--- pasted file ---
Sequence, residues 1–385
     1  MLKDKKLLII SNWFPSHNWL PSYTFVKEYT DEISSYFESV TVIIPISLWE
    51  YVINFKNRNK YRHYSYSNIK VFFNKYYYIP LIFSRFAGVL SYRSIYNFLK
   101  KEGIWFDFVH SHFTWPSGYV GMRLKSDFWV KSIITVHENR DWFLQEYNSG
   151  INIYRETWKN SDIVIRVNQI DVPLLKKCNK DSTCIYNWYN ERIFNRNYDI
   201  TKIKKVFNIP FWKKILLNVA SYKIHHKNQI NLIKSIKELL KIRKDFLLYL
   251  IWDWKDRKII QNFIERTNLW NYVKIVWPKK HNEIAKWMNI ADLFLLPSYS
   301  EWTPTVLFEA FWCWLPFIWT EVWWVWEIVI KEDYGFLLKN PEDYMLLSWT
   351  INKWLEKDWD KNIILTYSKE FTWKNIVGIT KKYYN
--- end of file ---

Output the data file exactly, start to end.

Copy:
Sequence, residues 1–385
     1  MLKDKKLLII SNWFPSHNWL PSYTFVKEYT DEISSYFESV TVIIPISLWE
    51  YVINFKNRNK YRHYSYSNIK VFFNKYYYIP LIFSRFAGVL SYRSIYNFLK
   101  KEGIWFDFVH SHFTWPSGYV GMRLKSDFWV KSIITVHENR DWFLQEYNSG
   151  INIYRETWKN SDIVIRVNQI DVPLLKKCNK DSTCIYNWYN ERIFNRNYDI
   201  TKIKKVFNIP FWKKILLNVA SYKIHHKNQI NLIKSIKELL KIRKDFLLYL
   251  IWDWKDRKII QNFIERTNLW NYVKIVWPKK HNEIAKWMNI ADLFLLPSYS
   301  EWTPTVLFEA FWCWLPFIWT EVWWVWEIVI KEDYGFLLKN PEDYMLLSWT
   351  INKWLEKDWD KNIILTYSKE FTWKNIVGIT KKYYN